Stop the bus! I want to get off!
I love the movie, "Elf." It's one of my favorite holiday films. Three of the scenes I like the best are (1) when Buddy the elf plays in the revolving door, (2) when he pushes all the buttons in the elevator, and (3) when he encounters the escalator for the first time. All three of these scenes have something in common, and it has nothing to do with how it affects Buddy. However, it does affect the other people who want to use that revolving door, need to get off the elevator, or end up behind him on the escalator. In each case, those innocent bystanders are stuck. They have someplace to go, but cannot get there, and have no apparent control over who or what is keeping them stuck. How many of you have felt that way... especially lately? I'm going to be the first to raise my hand and say, "I HAVE!"
Yes, it's been a while since I've submitted a blog post. (Shame on me!) The only reason (excuse) I have is that I think I've been stuck on the Express Bus to Nowhere! I can hear you now... what in the world are you talking about? Glad you asked!
In today's world, it seems like we spend a lot of time organizing and planning our lives. We have so much to do that it seems like there are never enough hours in the day. Guess what? You are absolutely right! There are definitely not enough hours in the day! But, how can that be? There are 24 hours in every single day, seven days in a week, and 52 weeks in a year. Surely that's enough time to do everything we need to do! Right?
Here's what I've discovered. I really don't have the full 24-hours. No one does... at least, not to do what we've so efficiently included on our daily To-Do List.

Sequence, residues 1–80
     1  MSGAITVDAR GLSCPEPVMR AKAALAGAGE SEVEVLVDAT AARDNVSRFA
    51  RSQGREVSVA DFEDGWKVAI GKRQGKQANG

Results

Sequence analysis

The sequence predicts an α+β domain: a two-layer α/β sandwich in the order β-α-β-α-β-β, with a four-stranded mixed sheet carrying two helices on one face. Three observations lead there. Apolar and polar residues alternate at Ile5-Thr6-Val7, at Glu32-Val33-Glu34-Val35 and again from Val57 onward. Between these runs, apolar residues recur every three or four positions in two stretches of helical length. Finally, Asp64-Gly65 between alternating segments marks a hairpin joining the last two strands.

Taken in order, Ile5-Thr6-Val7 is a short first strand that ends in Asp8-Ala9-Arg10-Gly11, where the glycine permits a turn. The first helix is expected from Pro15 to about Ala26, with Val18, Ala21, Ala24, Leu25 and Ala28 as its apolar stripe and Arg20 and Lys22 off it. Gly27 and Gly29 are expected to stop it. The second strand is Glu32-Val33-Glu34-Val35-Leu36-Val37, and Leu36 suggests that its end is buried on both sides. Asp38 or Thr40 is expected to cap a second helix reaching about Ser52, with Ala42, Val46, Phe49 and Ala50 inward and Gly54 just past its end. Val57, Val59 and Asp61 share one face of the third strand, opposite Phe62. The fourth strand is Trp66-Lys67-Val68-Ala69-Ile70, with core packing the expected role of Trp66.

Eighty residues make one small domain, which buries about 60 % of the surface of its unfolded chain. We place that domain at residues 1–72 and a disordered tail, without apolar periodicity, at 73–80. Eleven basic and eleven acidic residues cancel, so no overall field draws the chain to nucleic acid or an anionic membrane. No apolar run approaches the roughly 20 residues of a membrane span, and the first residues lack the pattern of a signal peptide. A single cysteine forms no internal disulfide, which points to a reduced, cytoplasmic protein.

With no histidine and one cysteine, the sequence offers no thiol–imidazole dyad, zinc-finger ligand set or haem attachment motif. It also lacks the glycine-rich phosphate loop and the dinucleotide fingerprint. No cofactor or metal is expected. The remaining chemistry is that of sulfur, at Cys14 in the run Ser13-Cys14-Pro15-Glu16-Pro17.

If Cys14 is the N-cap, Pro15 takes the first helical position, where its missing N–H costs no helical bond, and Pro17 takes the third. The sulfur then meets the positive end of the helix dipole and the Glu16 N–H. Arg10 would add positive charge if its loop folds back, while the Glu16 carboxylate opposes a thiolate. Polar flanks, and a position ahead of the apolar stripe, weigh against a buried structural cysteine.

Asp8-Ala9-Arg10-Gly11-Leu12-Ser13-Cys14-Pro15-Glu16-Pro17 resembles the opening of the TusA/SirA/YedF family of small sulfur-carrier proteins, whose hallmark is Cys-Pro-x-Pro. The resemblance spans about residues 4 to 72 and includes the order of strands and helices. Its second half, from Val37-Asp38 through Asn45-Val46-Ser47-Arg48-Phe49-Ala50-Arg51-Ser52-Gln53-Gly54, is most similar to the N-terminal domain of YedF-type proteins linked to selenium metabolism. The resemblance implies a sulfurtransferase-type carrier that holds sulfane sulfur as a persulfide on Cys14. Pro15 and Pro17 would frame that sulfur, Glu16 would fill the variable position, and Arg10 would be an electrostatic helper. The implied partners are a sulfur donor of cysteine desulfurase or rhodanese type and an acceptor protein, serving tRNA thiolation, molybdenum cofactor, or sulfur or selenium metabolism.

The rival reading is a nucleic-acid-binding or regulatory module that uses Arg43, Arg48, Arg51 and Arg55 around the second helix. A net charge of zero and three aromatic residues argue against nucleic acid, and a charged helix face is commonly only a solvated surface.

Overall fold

Let's face it. There are certain necessary tasks that we have to do every day: eat and sleep, for starters. Even on the conservative side, that will take up at least ten hours. Now, we only have 14 hours left to accomplish that impossibly long To-Do List! Oh, No!
Now that we've discovered we have less time than we thought, we'll likely lose another hour or so stressing over it. (Be honest!). So realistically, we have an average of 10-12 hours to accomplish everything we delegated to ourselves thinking we had a 24-hour day to do it. No wonder we're stressed!!
Here's the thing... if we let our "list" control us, we are already behind the power curve, and because we cannot possibly get everything done, we are working from a negative perspective. I don't know about you, but that mindset is paralyzing! So, in order to regain some measure of control over my self-defeating perspective, I need to shift that perspective to a more positive viewpoint. So, I've learned how to group my To-Do List into three categories: Have to's, Need to's, and Maybe's.
The "Have-to" list consists of what I absolutely have to get done first. When I get through that list, I move on to the "Need-to" list. If I get that one done, then it's on to the "Maybe" list. Whatever isn't done by the end of the day, I re-evaluate and decide if anything needs to be shifted to another list for the next day. If not, it just moves to the top of whatever category it's already in.
After trying this for about a month, here's what I found out:
My most important tasks were getting done on time.
The things on my "Need-to" list were either getting done or being moved to one of the other lists. If something got moved to my "Have-to" list, it got done the next day. If it was moved to the "Maybe" list, then it wasn't that important after all.
The tasks on my "Maybe" list often turned out to be totally unimportant, and very often, simply died a natural death on their own. In other words, they really weren't worth my time. They were also not worth stressing about.
Not only has this exercise helped me to focus better on my writing, but it's also helping me to find more time for myself, which is just as important as everything else.
The bottom line: “Do not worry about tomorrow, for tomorrow will worry about itself. Each day has enough trouble of its own.”—Matthew 6:34